She wasn't grumpy at all! She was kind and generous, and wore a shell to protect herself. How I wish I had thought to open up my bag and give her a small present in return.
  • Mili wrote: »
    My dad does make a delicious tomato soup cake out of the same recipe book, which has similar spices to pumpkin spice in it, except not ginger.
    I’m trying to think what that might taste of... and failing.

    When I find myself with a pumpkin I steam the flesh and freeze it in 2 cup quantities, as that is what the recipes I have found seem to call for. Now I am dairy free I have to find an alternative recipe to my favourite one in a 1980s Fanny Farmer cook book so am experimenting with alternatives to the evaporated milk it calls for (sadly there seems to be no real alternative), but still using cinnamon, cloves and ginger.

    I found a recipe for delicious (wheat free) pumpkin rolls that used rosemary - that is a combination that surprised me.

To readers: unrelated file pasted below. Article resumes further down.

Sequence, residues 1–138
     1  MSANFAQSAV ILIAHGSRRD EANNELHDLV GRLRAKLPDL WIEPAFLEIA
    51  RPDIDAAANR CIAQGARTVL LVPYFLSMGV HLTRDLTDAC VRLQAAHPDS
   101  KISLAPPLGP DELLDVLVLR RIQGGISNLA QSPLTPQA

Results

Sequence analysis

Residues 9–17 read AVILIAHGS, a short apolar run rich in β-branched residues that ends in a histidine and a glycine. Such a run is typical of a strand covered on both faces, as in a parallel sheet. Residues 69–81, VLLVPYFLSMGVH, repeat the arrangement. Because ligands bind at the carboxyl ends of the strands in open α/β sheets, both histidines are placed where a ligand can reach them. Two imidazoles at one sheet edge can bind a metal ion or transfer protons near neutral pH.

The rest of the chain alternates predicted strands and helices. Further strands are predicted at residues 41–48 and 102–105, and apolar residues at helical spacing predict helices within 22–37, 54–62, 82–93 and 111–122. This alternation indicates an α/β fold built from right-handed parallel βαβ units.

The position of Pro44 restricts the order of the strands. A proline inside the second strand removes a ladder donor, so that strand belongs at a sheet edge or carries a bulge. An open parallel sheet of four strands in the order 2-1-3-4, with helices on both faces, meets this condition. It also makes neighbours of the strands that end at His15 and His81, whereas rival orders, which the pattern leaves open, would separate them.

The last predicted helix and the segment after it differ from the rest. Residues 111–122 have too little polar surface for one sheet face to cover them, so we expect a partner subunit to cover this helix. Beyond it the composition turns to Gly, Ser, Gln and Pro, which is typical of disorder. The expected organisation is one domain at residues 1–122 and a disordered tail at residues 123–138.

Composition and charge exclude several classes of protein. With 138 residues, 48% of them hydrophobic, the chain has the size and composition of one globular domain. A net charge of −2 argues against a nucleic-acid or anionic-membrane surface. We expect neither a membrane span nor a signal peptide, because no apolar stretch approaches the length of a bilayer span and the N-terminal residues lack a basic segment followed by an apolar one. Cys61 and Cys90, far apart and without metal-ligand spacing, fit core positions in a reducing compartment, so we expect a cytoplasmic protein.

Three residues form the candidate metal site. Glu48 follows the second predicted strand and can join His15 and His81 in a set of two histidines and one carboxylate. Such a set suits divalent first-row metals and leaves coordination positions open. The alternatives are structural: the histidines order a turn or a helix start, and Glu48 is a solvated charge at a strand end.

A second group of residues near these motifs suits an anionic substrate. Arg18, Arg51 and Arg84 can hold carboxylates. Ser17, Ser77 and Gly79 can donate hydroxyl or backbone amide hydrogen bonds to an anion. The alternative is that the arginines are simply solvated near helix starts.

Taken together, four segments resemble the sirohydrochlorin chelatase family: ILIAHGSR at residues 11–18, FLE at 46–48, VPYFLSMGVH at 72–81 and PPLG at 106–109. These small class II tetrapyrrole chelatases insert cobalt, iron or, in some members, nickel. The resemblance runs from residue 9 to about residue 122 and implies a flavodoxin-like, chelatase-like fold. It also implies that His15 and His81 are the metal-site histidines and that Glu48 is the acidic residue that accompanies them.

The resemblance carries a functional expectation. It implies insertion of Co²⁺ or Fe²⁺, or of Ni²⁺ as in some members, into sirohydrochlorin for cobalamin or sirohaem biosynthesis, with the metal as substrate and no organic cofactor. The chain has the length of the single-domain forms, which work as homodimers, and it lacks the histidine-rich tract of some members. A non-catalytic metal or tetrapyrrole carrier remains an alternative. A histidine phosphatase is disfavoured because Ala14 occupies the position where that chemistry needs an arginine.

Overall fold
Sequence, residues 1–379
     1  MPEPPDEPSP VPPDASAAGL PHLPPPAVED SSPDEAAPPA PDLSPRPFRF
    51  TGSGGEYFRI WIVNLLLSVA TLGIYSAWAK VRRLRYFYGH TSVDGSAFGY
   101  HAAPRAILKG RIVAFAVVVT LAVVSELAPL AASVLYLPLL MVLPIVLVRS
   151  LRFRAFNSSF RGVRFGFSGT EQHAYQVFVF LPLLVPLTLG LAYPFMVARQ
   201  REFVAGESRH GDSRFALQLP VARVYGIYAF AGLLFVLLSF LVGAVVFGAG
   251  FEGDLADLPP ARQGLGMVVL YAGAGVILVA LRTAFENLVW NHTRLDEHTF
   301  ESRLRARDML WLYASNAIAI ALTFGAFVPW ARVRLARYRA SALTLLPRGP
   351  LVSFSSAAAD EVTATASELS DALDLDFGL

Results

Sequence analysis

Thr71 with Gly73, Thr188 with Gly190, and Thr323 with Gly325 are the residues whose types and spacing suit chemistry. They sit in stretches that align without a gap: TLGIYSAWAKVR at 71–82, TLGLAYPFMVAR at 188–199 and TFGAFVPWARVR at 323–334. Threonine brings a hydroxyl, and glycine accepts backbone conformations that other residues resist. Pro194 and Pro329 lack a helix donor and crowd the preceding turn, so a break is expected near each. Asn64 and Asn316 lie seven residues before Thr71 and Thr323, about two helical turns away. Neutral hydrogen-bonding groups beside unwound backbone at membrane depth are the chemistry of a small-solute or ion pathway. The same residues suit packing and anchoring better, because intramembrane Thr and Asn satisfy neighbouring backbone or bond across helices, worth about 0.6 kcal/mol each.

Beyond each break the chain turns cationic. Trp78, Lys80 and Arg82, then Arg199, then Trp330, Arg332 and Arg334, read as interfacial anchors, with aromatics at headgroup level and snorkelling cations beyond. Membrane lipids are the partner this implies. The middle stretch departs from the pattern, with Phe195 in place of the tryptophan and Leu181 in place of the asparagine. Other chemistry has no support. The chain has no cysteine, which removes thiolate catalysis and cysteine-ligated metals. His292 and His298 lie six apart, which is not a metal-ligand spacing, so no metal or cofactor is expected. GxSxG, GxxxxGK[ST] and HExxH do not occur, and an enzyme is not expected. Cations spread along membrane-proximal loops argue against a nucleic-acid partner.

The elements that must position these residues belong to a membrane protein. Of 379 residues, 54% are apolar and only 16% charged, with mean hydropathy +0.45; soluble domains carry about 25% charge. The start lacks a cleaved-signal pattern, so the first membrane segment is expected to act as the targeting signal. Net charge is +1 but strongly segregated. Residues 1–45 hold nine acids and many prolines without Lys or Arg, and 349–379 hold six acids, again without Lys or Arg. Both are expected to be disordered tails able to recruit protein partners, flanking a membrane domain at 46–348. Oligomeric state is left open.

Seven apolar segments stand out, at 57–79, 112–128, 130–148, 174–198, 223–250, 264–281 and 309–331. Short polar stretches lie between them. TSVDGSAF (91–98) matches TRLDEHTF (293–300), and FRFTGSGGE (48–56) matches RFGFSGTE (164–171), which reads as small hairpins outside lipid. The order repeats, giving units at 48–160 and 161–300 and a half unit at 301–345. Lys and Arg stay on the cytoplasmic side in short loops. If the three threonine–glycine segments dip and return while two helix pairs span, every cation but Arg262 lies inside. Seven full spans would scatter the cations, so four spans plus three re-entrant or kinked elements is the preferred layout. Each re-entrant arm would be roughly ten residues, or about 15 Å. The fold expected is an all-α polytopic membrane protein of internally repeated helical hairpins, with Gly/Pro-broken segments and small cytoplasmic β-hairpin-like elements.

• LydaLyda Shipmate
    Simon Toad wrote: »
    Ha! Now that would be funny!!

    Had a great experience at a Petrol Station in Page today. I have to go inside to pre-pay as the pumps don't work with my card. I was served by a grumpy Navajo woman, who presented me with a novelty pen with a huge flower to sign the chit. I reacted with surprise and pleasure and asked if there was one I could buy for my wife (Mandy is a pen freak). She said no, and I went out and began to fill up the car. A few moments later the woman came out to the car and gave me the flower pen, before hurrying back inside.

    She wasn't grumpy at all! She was kind and generous, and wore a shell to protect herself. How I wish I had thought to open up my bag and give her a small present in return.